The footage includes images from Wonarowicz's 1986 trip to Mexico, in which scenes of violence are juxtaposed with puppets, tarot cards, toys and other ephemera. Amongst those scenes are bull and cock fights, lucha libre, and people fist fighting on the streets. The footage also includes beggars on the streets of Mexico city, Aztec ruins and tourists. Wojnarowicz appears sewing two halves of a loaf of bread together, as well as his mouth, an image which would later become one of the strongest images linked to ACT-UP's Silence = Death campaign. Although often seen within the context of Wojnarowicz's later activism in relation to the AIDS crisis, the original edits of the film predate both his diagnosis and Hujar's death. Wojnarowicz himself suggested the film 'deals with ancient myth and it's modern counterpart. It explores structures of power and control'. It expresses his dissatisfaction with societal control (emblemized by the clocks and money also pictured swarmed with ants) and harkens back to an earlier ways of living before industrialization and capitalist structures dominated people's lives. Mexico stands in as a 'primitive' (as Wojnarowicz described it) civilization, one that whilst harsh is not estranged from the natural world, and human anger and aggression.

A new edit of this footage (one which foregrounded its resonance to the AIDS crisis) was presented at the exhibition Hide/Seek at the National Portrait Gallery in 2010, igniting another censorship scandal almost twenty years after the artist's death. The Catholic League, a religious lobbying organization, objected to the image of ants crawling over a cheap plastic crucifix placed on the ground, which they claimed was anti-Catholic 'hate speech'. Despite the support of many artists and the curators, A Fire in My Belly was removed from Hide/Seek exhibition due to political pressure, with accusations of censorship played out in the arts media. Many influential art world figures came out against the removal of the film, with the artist AA Bronson demanding that his work was removed from the exhibition in solidarity. Several board members resigned, and both the Robert Mapplethorpe and Andy Warhol foundations announced they would no longer support exhibitions at the Smithsonian.

Fire (1987)

Fire belongs to a series of paintings each relating to one of the four elements: fire, water, earth, and air. The paintings incorporate printed material found by the artist such as maps and flyers. In the case of Fire, a few Spanish words can be seen of the poster that forms its base. Many of the elements in this work (volcanos, maps, devils and hearts) recur in Wojnarowicz's work. By tearing maps, for example, Wojnarowicz attempted to "erase borders; borders create ownership and wars." Wojnarowicz found inspiration in his dreams, writing them down almost every morning. Fire is a painting of free and associative symbolism, not bound to formal conventions of the art market or academia. In Wojnarowicz's own words "I am beginning to believe that one of the last frontiers left for radical gesture is the imagination." Echoing fellow East Village artists, its visual vocabulary is one grounded in comic books and advertising, whilst its background on posters and flyers suggests graffiti, as though the work has been painted on a wall. Although grouped into four quadrants, symbols interact with the other imagery around it, the hand, heart and brain forming a triangle of body parts across the center of the painting. The use of animal images like the gorilla, snake and beetle, are again also part of the artist's personal imagery, reflecting his interest and collection of small plastic toys collected on his travels.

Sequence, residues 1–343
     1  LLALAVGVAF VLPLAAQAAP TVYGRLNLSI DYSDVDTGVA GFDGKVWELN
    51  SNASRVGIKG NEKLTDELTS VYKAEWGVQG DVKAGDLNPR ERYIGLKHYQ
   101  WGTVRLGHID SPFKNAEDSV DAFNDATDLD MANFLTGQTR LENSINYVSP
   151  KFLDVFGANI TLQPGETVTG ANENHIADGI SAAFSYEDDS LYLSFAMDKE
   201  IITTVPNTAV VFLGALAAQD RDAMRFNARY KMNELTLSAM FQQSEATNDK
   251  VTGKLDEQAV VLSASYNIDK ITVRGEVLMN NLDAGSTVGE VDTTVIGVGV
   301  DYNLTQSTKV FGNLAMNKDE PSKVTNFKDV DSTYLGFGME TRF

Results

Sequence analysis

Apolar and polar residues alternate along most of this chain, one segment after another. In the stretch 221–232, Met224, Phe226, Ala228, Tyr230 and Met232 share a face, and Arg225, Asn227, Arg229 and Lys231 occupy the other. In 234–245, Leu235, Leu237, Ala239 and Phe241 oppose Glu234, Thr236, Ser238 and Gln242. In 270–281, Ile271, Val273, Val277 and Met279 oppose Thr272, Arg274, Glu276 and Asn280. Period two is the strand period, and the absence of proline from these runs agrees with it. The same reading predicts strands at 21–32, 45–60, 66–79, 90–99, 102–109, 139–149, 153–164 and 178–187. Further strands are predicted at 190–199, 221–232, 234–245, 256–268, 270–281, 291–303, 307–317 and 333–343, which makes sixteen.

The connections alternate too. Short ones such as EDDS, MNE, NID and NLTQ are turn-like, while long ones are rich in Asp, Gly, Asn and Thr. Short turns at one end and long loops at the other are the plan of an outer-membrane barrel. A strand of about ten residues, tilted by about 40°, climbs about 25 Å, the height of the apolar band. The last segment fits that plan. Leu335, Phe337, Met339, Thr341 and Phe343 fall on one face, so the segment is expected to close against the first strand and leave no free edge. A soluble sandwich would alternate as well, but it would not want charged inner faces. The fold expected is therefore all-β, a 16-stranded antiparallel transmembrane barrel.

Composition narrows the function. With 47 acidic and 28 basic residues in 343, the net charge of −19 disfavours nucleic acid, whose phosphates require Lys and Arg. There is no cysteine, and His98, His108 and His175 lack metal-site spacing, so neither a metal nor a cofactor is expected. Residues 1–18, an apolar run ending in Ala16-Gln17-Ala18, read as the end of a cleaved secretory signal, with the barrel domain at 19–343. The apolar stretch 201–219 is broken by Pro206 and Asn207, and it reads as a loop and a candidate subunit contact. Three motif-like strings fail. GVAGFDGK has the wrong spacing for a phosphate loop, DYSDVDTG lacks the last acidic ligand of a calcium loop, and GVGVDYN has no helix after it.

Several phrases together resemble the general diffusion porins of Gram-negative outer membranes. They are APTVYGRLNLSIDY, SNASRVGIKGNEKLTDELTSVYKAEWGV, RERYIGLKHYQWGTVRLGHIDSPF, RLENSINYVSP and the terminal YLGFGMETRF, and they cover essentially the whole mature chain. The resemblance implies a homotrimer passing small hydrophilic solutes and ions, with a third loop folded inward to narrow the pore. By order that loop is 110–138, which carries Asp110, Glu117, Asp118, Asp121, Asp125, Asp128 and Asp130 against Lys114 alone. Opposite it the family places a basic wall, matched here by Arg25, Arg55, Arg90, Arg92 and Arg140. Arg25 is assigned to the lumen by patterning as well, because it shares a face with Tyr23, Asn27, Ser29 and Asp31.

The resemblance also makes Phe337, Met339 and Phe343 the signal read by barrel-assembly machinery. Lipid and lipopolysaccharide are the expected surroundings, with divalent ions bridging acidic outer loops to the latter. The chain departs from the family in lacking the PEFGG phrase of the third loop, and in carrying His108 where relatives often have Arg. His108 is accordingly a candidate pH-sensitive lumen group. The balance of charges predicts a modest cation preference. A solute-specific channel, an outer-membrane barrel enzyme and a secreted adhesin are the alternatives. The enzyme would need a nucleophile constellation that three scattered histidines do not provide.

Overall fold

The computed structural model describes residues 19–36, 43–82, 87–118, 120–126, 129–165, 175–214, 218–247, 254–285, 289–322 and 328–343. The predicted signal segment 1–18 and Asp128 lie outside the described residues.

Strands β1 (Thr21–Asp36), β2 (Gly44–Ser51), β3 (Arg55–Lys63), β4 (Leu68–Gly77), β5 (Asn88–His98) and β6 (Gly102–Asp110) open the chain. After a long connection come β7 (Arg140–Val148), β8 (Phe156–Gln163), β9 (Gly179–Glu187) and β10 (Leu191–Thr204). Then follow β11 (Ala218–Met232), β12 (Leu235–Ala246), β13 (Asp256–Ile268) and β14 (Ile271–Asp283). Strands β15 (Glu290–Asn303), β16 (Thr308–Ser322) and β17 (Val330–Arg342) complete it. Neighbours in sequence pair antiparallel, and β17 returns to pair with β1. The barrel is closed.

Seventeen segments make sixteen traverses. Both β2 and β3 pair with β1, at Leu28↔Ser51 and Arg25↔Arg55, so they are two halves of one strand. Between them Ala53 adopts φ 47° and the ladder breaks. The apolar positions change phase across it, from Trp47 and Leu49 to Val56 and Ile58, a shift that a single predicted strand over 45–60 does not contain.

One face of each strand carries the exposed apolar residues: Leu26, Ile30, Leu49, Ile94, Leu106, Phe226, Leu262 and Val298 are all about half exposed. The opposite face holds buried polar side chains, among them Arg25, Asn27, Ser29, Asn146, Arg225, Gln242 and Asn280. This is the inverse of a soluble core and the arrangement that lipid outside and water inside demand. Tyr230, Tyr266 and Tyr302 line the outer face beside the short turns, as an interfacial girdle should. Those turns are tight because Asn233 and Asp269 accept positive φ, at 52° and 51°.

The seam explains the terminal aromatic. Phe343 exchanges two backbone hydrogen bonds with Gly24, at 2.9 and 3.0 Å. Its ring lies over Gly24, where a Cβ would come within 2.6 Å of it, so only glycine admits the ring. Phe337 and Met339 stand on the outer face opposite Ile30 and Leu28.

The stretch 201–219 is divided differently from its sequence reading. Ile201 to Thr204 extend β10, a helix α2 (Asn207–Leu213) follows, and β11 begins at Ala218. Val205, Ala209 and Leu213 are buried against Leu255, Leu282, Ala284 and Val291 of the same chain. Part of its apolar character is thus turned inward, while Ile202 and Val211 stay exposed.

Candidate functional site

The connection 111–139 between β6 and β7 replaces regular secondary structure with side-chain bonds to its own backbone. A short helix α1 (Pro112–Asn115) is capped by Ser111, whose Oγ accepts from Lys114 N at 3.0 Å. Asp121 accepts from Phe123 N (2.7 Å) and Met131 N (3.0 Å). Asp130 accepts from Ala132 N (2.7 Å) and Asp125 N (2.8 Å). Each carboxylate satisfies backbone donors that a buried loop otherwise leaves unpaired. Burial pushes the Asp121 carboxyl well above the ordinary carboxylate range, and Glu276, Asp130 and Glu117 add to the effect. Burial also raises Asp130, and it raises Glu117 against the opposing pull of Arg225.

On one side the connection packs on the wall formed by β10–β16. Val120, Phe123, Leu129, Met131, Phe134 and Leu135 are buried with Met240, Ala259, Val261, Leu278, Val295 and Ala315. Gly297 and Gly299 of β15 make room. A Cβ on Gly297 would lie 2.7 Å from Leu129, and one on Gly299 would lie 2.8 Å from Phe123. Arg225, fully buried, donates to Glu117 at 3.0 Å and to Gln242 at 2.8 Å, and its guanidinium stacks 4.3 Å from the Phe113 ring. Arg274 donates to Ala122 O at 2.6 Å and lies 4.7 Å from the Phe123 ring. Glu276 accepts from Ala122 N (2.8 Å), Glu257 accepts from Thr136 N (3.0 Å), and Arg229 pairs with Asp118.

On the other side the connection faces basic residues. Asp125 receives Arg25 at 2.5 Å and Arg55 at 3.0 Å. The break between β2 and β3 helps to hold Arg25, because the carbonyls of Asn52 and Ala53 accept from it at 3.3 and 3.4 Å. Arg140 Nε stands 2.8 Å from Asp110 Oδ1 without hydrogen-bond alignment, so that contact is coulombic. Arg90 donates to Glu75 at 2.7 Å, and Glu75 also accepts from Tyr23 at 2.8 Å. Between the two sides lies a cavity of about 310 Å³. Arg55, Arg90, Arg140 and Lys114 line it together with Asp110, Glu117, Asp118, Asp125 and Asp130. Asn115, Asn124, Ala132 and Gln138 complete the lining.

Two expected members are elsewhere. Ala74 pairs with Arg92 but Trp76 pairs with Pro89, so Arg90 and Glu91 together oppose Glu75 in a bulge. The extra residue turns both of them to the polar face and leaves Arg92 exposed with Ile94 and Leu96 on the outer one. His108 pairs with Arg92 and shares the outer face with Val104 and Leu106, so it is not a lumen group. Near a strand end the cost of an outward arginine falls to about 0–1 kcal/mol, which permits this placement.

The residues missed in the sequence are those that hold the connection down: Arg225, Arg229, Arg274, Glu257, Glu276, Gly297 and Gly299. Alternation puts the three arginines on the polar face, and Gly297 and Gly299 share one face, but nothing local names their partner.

Wojnarowicz had travelled to Mexico before starting this painting with his collaborator Tommy Turner. As also embodied in other works he was fascinated by Mexico, seeing it as free from the restrictions of 1980s America - "Going south of the border I found myth to still be very much alive and with it the sense of connection to the ground people walked on... Popular culture still carries the most spiritual reverberation. As adults we are pressured to leave myth and thus spirituality behind..."

Untitled (Buffalo) (1988)

This photograph is a tightly framed close up of a diorama at the National Museum of Natural History in Washington D.C. It was taken during one of Wojnarowicz many road trips across the country, and the image depicts a herd of buffalo falling off a cliff to their deaths. This image was later used as the cover artwork for the single 'One' by Irish rock band U2.

In its original context, the image illustrates the Native American hunting method of driving buffalo over a cliff edge in order to collect the meat below. However for the artist it was a metaphor for the "impeding collision contained in this acceleration of speed within the structures of civilization." The uniqueness of this work relies in how the artist appropriates the didacticism of a diorama to confront death in a tragic manner. The photograph was taken in the year of Wojnarowicz's diagnosis, giving an added resonance to the inevitable tumble off the cliff shown. It might be interpreted as both a general and a personal symbol of hopelessness, with both the buffalo's and artist's fate already defined. It also relates once again to a pre-industrial civilisation, a form of living off the land, required only to do what was needed to survive that was now no longer possible.